Broadband customers punished for their loyalty, says Which?
Broadband customers who fail to shop around when their contract ends or haggle for a better deal from suppliers are overpaying by up to £220 a year.
Analysis by Which? found BT’s broadband customers were paying the biggest loyalty premium. Only one firm, Utility Warehouse, offered loyal customers the best deals, it said.
Which? asked consumers how much they paid for their broadband, whether they had haggled for a new deal in the past 12 months, and what they had saved. It then compared the results to the cheapest deals offered to new customers.
Which? found 72% of the broadband customers it questioned had been with their provider for more than two years, and many were overpaying as a result.
Broadband providers advertise cheap introductory deals to entice new customers – usually for 18 to 24 months – in the hope they will remain customers but they then subsequently pay the higher levied monthly charge.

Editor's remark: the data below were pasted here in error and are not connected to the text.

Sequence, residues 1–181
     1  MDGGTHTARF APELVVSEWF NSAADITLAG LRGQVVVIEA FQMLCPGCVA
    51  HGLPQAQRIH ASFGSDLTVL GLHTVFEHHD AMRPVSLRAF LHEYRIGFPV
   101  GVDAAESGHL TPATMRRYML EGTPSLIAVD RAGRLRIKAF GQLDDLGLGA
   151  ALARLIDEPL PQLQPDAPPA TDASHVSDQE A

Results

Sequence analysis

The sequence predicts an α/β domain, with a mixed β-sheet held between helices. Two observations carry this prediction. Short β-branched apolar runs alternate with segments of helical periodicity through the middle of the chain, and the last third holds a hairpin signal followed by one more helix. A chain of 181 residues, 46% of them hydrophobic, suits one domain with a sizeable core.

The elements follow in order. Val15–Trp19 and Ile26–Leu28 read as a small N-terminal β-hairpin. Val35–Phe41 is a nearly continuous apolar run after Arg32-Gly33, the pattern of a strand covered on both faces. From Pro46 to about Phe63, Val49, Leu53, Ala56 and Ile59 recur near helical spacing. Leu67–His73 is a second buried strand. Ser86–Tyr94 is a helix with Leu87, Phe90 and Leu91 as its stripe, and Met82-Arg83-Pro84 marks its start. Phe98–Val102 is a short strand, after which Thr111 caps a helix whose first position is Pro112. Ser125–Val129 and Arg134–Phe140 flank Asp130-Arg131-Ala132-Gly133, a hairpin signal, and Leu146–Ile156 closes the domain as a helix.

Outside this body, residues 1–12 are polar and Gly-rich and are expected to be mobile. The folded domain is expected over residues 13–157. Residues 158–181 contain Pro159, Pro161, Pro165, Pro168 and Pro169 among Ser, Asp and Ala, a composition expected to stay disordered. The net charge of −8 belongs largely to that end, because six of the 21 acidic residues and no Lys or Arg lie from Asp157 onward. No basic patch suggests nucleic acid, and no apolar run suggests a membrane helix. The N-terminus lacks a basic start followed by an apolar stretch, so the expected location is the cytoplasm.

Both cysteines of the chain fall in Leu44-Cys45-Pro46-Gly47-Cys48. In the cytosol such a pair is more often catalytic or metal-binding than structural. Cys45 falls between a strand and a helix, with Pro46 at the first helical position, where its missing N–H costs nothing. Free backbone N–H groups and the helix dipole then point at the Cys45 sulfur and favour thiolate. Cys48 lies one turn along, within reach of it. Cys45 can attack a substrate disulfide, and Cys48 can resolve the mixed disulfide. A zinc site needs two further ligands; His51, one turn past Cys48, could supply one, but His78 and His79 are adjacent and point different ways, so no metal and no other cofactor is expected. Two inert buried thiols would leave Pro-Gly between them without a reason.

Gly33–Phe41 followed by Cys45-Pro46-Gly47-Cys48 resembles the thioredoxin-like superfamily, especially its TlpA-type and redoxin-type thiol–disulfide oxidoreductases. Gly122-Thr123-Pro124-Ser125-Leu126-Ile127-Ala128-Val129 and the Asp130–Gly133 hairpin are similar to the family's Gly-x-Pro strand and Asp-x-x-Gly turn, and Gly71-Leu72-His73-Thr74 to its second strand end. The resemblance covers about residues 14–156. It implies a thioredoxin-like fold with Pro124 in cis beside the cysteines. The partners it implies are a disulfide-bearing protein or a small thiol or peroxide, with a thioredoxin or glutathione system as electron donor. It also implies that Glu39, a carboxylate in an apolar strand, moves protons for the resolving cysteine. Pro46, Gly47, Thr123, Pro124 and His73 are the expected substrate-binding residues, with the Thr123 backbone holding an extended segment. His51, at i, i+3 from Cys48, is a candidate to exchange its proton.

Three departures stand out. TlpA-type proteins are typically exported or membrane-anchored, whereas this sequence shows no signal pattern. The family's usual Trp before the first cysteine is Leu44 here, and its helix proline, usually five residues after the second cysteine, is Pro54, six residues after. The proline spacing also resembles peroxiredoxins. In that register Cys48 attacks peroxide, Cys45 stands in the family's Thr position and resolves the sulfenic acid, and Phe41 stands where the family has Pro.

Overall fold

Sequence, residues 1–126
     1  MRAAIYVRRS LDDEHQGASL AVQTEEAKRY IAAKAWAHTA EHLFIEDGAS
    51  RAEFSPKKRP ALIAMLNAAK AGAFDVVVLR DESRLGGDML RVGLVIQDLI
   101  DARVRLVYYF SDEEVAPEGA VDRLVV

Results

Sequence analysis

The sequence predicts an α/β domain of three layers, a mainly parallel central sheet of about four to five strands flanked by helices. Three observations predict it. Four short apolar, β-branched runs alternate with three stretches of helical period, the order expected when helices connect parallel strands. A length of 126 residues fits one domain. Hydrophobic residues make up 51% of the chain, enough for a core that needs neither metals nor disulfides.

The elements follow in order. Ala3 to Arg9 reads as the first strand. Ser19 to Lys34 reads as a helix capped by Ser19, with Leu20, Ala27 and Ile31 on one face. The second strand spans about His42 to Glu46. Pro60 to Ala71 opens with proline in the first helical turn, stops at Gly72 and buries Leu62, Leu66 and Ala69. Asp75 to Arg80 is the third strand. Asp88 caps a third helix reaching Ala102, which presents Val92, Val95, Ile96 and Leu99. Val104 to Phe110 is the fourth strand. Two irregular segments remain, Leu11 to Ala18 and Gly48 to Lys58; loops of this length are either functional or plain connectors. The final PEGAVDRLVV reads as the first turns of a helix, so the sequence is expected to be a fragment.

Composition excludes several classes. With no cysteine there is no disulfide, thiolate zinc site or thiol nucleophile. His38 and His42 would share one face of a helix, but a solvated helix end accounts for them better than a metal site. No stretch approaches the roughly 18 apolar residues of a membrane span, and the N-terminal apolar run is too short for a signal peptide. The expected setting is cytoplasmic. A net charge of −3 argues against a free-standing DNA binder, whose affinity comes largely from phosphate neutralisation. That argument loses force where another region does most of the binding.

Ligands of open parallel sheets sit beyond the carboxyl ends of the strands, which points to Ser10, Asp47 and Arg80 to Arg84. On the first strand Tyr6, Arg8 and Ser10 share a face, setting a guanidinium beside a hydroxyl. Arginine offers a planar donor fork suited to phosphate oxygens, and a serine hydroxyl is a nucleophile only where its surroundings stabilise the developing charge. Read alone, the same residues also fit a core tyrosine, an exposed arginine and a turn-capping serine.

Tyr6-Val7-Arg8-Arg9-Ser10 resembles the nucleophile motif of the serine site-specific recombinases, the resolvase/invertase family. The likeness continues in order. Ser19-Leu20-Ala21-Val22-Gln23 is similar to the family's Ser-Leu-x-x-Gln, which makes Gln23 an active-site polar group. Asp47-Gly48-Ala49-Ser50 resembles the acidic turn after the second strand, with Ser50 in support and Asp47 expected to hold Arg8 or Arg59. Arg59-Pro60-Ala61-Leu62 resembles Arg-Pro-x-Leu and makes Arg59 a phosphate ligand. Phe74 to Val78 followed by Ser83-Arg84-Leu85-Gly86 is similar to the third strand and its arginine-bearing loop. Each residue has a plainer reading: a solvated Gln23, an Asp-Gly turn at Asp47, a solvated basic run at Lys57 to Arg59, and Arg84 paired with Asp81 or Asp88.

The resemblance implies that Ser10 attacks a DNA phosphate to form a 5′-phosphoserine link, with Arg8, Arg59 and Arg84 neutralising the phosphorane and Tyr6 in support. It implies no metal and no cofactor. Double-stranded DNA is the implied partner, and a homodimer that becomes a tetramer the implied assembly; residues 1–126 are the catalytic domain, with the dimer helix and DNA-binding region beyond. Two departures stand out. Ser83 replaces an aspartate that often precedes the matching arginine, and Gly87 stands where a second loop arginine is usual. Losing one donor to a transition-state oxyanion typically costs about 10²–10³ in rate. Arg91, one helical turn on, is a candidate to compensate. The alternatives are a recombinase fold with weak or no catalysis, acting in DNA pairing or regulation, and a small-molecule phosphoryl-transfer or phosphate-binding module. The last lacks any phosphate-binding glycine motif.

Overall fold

The average annual broadband bill paid by loyal BT customers was £540 a year, compared with £372 for customers who haggled, or the £320 paid by a new customer.
Virgin Media had the second-largest loyalty premium. Virgin customers who pushed for a better deal paid an average of £384 a year, saving £156.
New TalkTalk customers paid £240, which was £85 less than the £324 paid by loyal customers. Those who haggled at their contract’s end saved just a few pounds, paying £318, Which? said.
Only Utility Warehouse offered its best tariffs to loyal customers. A new customer signing up for its cheapest deal would be paying £25 more a year than an existing one, it found.
Alex Neill, managing director at Which?, said switching providers was the best way to get a good-value tariff.
“Broadband customers will be appalled that not only could they be paying through the nose simply for being loyal to their provider but that they could, in some cases, also get a much faster internet connection for a fraction of the price that they are currently paying,” he said.